Although most models are treated to a thorough refresh every few years, there are cars that haven’t been treated to a substantial update since they first went on sale.
Just because they aren’t the latest and greatest though, doesn’t mean they’re not worth considering. There are some advantages to buying something that’s been around a while. For one, the car maker would have worked out all of the model’s foibles, but also with a long production cycle there should be a good supply of parts. With this in mind we scoured the new car price lists to find the ten best oldest models you can buy now.
1.Land Rover Defender
With production ceasing in the UK this year, the Defender just makes our cut. Although it has changed substantially over the decades, it’s visually, conceptually and philosophically close to the 90 and 110 it replaced in 1984. The pick-up version even shares a component with the 1948 version.
It’s crude and noisy by modern standards, but it’s the epitome of ruggedness, strength and capability. To acknowledge the car’s passing, Land Rover launched three special editions priced from £27,800 which will be available to buy from August – the last chance you’ll get to buy a current Defender in England. Although rumours are, there is an all-new Defender coming next year.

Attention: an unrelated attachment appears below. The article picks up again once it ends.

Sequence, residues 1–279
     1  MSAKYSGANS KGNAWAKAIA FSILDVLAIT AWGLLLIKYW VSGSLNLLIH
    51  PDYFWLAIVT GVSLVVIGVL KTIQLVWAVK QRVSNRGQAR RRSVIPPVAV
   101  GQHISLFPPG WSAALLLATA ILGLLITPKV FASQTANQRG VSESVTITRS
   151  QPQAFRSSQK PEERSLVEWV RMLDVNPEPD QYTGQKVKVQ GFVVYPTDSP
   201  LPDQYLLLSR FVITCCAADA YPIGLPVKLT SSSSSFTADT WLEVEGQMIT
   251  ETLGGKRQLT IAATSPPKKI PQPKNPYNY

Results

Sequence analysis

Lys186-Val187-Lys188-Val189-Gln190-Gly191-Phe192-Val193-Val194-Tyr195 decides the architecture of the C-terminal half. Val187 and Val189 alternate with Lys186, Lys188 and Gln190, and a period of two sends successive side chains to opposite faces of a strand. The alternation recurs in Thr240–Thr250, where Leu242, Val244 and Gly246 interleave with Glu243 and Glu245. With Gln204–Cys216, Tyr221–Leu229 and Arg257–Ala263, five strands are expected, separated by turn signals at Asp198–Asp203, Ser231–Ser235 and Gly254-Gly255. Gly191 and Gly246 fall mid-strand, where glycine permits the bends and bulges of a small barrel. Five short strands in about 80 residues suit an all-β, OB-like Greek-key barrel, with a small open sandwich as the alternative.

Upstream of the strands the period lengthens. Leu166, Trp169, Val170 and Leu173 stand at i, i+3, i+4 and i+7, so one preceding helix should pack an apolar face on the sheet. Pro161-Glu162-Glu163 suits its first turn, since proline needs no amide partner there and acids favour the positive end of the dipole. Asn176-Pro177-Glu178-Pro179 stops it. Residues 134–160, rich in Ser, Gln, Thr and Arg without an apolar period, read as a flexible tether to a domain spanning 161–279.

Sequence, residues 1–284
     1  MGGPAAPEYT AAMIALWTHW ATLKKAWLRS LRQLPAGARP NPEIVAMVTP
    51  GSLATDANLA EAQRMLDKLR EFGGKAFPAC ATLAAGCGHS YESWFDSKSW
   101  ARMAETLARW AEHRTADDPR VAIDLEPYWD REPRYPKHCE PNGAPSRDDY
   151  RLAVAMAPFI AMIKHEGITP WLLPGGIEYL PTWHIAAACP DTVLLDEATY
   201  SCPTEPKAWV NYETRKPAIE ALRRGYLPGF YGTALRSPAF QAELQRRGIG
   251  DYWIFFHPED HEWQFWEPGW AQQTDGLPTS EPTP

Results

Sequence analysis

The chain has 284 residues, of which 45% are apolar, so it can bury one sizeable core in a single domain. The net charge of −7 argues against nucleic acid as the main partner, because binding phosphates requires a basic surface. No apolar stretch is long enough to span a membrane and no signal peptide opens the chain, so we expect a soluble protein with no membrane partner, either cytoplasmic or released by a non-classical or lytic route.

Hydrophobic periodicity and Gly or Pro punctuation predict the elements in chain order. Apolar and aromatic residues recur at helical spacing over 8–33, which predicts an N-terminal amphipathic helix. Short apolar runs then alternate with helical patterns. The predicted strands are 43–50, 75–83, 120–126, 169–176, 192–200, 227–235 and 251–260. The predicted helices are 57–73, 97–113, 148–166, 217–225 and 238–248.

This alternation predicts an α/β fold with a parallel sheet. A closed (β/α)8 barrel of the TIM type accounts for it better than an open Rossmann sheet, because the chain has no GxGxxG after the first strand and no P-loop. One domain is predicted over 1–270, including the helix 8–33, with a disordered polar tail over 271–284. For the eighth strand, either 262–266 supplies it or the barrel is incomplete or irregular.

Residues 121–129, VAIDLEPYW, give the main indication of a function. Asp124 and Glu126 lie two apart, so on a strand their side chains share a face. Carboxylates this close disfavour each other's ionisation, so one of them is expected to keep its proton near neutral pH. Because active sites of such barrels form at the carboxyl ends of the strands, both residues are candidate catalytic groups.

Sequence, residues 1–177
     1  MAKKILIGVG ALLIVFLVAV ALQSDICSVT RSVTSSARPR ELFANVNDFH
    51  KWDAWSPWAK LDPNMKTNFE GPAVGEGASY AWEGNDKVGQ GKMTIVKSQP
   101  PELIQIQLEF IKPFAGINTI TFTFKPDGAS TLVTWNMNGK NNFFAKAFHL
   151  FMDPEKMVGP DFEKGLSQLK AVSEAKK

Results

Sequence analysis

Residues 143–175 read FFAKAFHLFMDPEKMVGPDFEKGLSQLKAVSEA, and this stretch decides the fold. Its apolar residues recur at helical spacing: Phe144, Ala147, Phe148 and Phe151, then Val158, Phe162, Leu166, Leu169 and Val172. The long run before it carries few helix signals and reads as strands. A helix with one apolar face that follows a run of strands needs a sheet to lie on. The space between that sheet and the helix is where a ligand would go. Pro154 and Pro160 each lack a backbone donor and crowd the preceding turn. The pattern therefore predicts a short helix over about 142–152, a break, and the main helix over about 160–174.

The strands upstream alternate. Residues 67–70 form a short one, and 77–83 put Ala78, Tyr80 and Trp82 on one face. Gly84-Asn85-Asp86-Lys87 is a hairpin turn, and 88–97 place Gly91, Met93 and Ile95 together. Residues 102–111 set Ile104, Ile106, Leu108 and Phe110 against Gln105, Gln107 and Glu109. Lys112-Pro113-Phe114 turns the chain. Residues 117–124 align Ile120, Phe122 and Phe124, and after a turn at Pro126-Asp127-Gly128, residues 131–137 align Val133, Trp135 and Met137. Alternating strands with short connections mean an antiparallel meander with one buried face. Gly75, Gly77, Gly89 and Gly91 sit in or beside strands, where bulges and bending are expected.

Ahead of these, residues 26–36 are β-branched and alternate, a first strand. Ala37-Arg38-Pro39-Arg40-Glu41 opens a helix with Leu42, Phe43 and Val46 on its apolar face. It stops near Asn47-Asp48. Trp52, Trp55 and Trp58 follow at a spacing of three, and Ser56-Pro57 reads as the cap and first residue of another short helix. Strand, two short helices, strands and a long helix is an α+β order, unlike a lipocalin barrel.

Launched in 1984.
Introduced in 1998 to replace Suzuki’s crude SJ model, the Jimny has changed very little since and combines off-road ability with city car dimensions. Costing just £12,195, it also offers decent value and is well-equipped in SZ4 trim, while the low-revving 1.3-litre engine is tough and reliable although not really suitable for anyone who does long motorway miles.
You can select 2WD or 4WD, so can boost your fuel economy – in normal driving conditions you can get almost 40mpg. There are lots of other modern cars available for the money, and while it may feel a bit dated, the Jimny’s chunky 4×4 looks are quirky and it’s fun to drive on the rough.
Launched in 1998.
Despite some mild updates in 2011, the Lotus Elise is the much same car underneath as it was 15 years ago when it was launched. It’s a classic recipe that makes for one of the finest handling sports cars on the road – lightweight, agile and communicative.
The Lotus is old now and with prices starting from £27,500 it could be viewed as expensive when you compare it to an equivalent roadster with better equipment and more refinement. But the running costs are impressive. The standard 1.6 136PS engine returns an official 45mpg, while the more extreme Elise S with a 220PS 1.8-litre engine boasts supercar performance with a modest figure of 37.5mpg.
Launched in 2000
4.Aston Martin DB9
The DB9 replaced the DB7 in 2003 and its exquisite styling hides the model’s 11 years well. Because Aston Martin is the only low-volume yet mainstream premium car manufacturer not owned by a massive automotive multi-national, they don’t have the avenues to borrow vast quantities of cash, so for now, the DB9 continues to be the pinnacle of the range.
A replacement is due next year, so there’s not much time to grab a slice of motoring history. The current model produces 517PS and combined with a six-speed auto it reaches 60mph in just 4.6 seconds. One of the world’s most desirable cars, it isn’t cheap with a price north of £130,000.
Launched in 2003